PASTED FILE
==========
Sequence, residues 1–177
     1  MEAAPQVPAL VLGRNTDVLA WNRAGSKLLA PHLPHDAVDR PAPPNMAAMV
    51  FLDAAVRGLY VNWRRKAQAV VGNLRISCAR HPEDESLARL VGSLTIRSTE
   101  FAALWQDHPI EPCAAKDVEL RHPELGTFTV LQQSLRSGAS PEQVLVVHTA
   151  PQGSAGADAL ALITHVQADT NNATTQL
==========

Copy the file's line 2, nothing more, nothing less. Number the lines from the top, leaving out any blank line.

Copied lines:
     1  MEAAPQVPAL VLGRNTDVLA WNRAGSKLLA PHLPHDAVDR PAPPNMAAMV